Welcome to Save Kilvey Hill

A website for the protection of Kilvey Hill.

The Proposed Skyline Development

New Zealand company Skyline are in the process of developing a planning application for Kilvey Hill to build a gondola, restaurant facility, and luge track (a type of quiet Go Kart circuit) complex. This page contains artist impressions of the development provided by Skyline. For the full technical details of the development as currently submitted for pre-planning, click here.

An act of vandalism? The view of Skyline’s proposed development of Kilvey Hill looking north, with the two existing radio towers in their rectangular enclosure in the middle foreground of the image. The other structures in the foreground are the proposed 5 star restaurant and visitor centre complex. The Gondola tracks lead off to the top left of the image, with the road bridge over the Tawe that leads to Swansea stadium just visible. According to Skyline 30% of the woodland on the top of Kilvey Hill – an area the size of 11 football fields – will be completely removed for this development, along with the topsoil.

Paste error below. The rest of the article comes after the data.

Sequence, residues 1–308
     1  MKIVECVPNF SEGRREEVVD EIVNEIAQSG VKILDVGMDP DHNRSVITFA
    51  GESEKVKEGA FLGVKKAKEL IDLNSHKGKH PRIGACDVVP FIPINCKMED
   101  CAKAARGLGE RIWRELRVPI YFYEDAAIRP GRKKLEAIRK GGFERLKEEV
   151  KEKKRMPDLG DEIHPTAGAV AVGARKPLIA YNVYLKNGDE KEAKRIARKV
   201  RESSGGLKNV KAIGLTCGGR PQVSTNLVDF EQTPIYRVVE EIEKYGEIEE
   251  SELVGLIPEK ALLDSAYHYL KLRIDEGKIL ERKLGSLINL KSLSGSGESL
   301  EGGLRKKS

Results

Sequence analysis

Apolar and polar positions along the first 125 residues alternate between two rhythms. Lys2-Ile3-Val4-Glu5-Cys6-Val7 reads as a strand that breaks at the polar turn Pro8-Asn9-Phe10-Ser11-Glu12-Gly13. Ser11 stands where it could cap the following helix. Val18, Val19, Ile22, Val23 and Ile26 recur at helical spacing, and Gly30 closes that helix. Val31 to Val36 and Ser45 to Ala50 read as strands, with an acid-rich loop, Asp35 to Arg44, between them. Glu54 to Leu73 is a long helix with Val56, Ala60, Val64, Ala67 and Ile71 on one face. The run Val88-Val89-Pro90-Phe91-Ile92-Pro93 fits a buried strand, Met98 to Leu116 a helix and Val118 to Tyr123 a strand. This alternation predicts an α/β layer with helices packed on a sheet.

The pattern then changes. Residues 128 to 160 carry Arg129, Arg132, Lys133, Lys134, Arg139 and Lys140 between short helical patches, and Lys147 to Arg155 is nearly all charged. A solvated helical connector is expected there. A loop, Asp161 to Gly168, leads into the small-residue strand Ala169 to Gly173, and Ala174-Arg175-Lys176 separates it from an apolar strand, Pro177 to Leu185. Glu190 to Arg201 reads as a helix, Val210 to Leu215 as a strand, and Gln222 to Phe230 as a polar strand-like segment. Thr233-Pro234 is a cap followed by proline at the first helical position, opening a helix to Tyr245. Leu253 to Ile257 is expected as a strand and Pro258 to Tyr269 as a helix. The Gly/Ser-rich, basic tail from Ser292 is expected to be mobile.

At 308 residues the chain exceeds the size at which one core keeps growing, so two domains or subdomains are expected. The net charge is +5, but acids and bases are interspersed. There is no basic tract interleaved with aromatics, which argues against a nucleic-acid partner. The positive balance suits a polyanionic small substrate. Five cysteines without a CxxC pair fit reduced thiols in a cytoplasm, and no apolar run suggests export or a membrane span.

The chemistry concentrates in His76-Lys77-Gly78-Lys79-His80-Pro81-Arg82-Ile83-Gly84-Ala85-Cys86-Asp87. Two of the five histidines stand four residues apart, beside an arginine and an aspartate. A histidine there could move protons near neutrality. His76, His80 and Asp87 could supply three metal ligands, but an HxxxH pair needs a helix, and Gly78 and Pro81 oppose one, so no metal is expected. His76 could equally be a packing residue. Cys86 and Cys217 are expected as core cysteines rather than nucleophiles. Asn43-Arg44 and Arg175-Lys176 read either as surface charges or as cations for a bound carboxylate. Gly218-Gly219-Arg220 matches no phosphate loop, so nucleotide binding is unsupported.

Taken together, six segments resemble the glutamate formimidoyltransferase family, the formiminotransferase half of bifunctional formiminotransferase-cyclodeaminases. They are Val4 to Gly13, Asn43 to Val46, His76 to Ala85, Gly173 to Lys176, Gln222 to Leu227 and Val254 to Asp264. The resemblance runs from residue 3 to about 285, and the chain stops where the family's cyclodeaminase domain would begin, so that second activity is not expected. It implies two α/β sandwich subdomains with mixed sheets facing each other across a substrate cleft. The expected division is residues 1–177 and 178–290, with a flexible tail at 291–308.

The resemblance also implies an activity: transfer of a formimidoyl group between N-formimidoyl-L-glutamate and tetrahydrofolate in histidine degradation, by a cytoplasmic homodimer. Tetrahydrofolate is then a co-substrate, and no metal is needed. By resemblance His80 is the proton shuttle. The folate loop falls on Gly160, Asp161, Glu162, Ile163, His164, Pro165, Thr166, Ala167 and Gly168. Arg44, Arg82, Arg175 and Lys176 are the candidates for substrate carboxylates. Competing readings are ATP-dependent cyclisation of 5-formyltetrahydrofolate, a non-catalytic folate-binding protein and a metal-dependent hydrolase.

The view looking south of Skyline’s proposed development of Kilvey Hill showing the Luge ‘Go Kart’ track and the extent of woodland destruction. (You can orient yourself by noticing a section of the King’s dock of Swansea marina at the top left of the image.)
The view of Skyline’s proposed development of Kilvey Hill as seen from Swansea stadium. For thousands of Swansea residents Kilvey Hill is a refuge from the stress and strain of city life and a place to connect with nature, but the peace and sanctity of this unique and amazing urban hill and woodland will be destroyed by this development. Skyline are planning for 450,000 people a year to use this facility. That is around 1200 people every day.
A more panned out view of Skyline’s proposed development of Kilvey Hill, taking in Swansea city centre. An important question to consider is this: who is going to pay to remove it all when it comes to the end of its life or prematurely shuts down? The answer is no-one will. Instead this development will remain as an eyesore legacy for future generations, ruining the unique character of the hill as seen from the city and as experienced by the thousands of residents who regularly walk up there.
An image from Skyline’s technical documents of the proposed development on Kilvey hill. The areas bounded by dashed red lines and coloured light blue/grey are where the existing woodland will be completely clear cut and the topsoil removed. The areas bounded by dashed green lines will be ‘selectively felled’. The blue areas are supposedly to be left alone, but in the artists impressions provided by Skyline and shown above, the dark blue area on the right that surrounds the existing radio towers has been drastically altered from the existing woodland, suggesting that it may be clear cut/selectively felled as the project develops.